James Syme

Senior Fund Manager, JOHCM

Economic brutality: Argentina and Brazil

Politicians think of their own survival and that means taking action that the population likes. Nobody talks about the need for pension reform anymore, and that’s worrying.

Robson Andrade, head of the Brazilian National Industry Confederation, quoted in Bloomberg article, 29 August 2018

Regular followers of our process will know that we consider a country’s current account balance to be a key indicator to watch. That doesn’t mean that it’s the only place where deficits matter, though. There are times when the fiscal balance is the more important metric. That has been the case in the ongoing crisis in Argentina (where we have had a zero weight), but also forms the backdrop for October’s presidential election in Brazil.

Argentina is in an economic crisis. To the end of August, the MSCI Argentina price index was down 54.5% in US dollar terms, as the currency sold off despite policy interest rates being hiked to 60%. At the heart of Argentina’s problems is a huge fiscal deficit (forecast to reach 5.0% of GDP this year). The monetary system’s financing of that deficit has driven credit growth at an annualised rate of over 30%, which was great for assets until foreign investors lost confidence, at which point it wasn’t. Argentina now has to brutally tighten both monetary and fiscal policy at the same time.

This is unfortunate timing for Brazil, as it grapples with its own economic pressures, very much including the fiscal deficit. Like Argentina, Brazil has a large sovereign debt outstanding (75% of GDP, compared to Argentina’s 65% pre-crisis and an estimated 85% now), which comes with very substantial interest payments. That makes it imperative that the primary fiscal balance (i.e. before interest payments) is positive, but that is neither the case in Brazil (primary deficit 1.4% of GDP) nor Argentina (primary deficit 2.5% of GDP).

And yet from this chaos, in the next seven weeks, must come the man or woman who will rescue the Brazilian national finances from future crisis.

Brazil’s two significant additional weaknesses are intertwined. The first is its utterly unsustainable pension system. The various generous pension systems, implemented during the transition to democracy, use a pay-as-you-go model in which the current workforce is taxed to pay pension payments. This system faces collapse with an ageing population; the combined annual shortfall of the pension schemes is close to 4.5% of GDP and set to rise.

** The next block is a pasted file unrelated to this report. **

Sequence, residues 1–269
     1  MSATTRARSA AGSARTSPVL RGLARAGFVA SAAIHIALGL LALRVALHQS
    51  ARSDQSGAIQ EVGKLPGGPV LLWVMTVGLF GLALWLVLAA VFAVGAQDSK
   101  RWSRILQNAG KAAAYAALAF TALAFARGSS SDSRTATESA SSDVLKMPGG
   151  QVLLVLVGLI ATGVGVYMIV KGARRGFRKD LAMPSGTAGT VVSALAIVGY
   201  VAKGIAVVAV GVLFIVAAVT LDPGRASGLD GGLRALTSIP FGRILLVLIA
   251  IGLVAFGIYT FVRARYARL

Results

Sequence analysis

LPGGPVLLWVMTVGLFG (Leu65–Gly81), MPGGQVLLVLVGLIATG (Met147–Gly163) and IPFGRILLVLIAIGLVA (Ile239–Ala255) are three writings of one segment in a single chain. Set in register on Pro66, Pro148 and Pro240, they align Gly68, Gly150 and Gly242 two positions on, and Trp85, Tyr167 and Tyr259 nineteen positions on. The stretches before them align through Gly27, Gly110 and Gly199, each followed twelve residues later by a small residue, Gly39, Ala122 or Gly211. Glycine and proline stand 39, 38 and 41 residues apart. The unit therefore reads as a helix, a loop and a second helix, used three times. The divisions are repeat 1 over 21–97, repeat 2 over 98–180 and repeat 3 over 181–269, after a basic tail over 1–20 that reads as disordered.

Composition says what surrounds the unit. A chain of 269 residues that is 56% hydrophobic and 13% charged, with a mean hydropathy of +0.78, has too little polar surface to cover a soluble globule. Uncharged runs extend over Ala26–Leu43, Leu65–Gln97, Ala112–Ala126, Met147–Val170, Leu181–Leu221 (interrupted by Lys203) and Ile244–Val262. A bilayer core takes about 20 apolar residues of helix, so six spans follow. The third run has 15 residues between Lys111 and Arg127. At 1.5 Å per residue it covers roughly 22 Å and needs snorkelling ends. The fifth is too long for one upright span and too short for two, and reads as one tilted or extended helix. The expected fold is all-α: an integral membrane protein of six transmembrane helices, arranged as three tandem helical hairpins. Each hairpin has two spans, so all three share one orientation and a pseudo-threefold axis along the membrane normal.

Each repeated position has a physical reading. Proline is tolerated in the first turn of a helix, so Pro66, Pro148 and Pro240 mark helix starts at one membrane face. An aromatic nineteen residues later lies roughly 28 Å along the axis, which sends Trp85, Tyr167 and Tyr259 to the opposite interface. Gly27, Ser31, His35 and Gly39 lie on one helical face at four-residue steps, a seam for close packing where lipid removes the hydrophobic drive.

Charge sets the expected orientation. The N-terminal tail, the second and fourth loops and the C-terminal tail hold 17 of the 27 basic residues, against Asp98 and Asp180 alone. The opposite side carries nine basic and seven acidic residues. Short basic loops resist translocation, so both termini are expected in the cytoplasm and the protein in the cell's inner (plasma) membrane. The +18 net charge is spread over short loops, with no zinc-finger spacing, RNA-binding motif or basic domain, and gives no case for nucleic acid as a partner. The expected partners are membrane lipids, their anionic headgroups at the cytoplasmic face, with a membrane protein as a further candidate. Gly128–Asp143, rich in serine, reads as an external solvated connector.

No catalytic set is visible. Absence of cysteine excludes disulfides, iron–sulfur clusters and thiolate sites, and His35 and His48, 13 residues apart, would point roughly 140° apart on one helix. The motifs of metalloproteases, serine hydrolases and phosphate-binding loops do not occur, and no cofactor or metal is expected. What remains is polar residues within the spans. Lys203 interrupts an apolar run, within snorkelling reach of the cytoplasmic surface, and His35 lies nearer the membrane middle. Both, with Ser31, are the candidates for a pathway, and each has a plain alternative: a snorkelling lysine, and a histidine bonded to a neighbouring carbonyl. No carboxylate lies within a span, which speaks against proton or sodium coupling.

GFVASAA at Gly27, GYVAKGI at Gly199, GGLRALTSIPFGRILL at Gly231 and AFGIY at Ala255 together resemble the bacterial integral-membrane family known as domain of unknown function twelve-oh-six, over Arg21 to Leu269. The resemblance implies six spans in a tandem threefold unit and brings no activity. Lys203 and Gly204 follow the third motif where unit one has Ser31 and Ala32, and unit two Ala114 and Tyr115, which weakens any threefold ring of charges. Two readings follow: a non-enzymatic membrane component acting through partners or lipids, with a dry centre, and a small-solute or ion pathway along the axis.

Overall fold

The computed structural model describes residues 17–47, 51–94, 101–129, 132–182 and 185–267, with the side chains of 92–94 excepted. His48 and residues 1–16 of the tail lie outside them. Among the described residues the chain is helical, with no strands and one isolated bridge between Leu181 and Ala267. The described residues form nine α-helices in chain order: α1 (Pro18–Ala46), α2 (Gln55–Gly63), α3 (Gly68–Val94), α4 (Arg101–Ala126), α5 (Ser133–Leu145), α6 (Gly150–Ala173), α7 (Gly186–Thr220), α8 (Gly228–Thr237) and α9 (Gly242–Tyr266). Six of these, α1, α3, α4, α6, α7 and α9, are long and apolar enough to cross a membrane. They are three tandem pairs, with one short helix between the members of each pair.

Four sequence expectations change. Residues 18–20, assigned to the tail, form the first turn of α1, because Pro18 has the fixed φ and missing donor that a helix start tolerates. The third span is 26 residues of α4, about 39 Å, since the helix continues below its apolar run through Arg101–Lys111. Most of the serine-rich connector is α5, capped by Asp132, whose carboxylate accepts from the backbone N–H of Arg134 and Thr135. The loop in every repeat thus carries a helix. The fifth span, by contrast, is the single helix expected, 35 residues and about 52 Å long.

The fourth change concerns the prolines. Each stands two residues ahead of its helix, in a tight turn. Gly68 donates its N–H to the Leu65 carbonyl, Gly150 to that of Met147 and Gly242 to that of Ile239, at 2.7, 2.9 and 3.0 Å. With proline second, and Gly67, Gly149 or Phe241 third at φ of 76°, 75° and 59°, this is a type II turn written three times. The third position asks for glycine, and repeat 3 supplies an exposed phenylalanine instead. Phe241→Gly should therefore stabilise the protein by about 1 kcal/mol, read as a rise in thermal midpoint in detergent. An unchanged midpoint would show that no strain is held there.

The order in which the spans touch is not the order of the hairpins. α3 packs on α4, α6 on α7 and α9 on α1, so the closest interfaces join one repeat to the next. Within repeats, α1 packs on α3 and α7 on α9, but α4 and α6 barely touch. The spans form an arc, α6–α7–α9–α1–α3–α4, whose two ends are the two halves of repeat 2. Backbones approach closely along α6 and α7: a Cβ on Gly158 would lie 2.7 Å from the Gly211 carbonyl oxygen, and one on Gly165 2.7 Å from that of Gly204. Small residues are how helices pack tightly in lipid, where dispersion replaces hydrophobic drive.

In Brazil, only a constitutional amendment can modify pension laws, because the right to retirement benefits is engraved in the 1988 Constitution. Reform is incredibly politically difficult, needing the support of three-fifths of Congress to amend the constitution, and has proved impossible for both previous governments and the current Temer administration.

The second weakness is the chaotic state of Brazilian politics: there is a presidential election in October; the incumbent seized power through a controversial impeachment of his predecessor and has a popularity rating of 5%. At the time of writing, the two most popular candidates are campaigning from a prison cell (Lula, currently banned from standing) and a hospital bed (Bolsonaro, who has just survived an assassination attempt). All the candidates have negative net preference from the voters. And yet from this chaos, in the next seven weeks, must come the man or woman who will rescue the Brazilian national finances from future crisis. It is completely unclear as to who this will be or how this will happen, but it has to happen to avert disaster.

From a market viewpoint, the election of a president who can manage reforms could ignite a powerful rally in Brazilian assets. Year-to-date, the MSCI Brazil price index has fallen 20.8% in US dollar terms, to a 12-month forward price/earnings ratio of just 10.2x. The potential for large moves up or down certainly exists. We remain cautious in the face of all this, but equally are alert for the opportunity to participate in a powerful upward move should the political environment improve.

 

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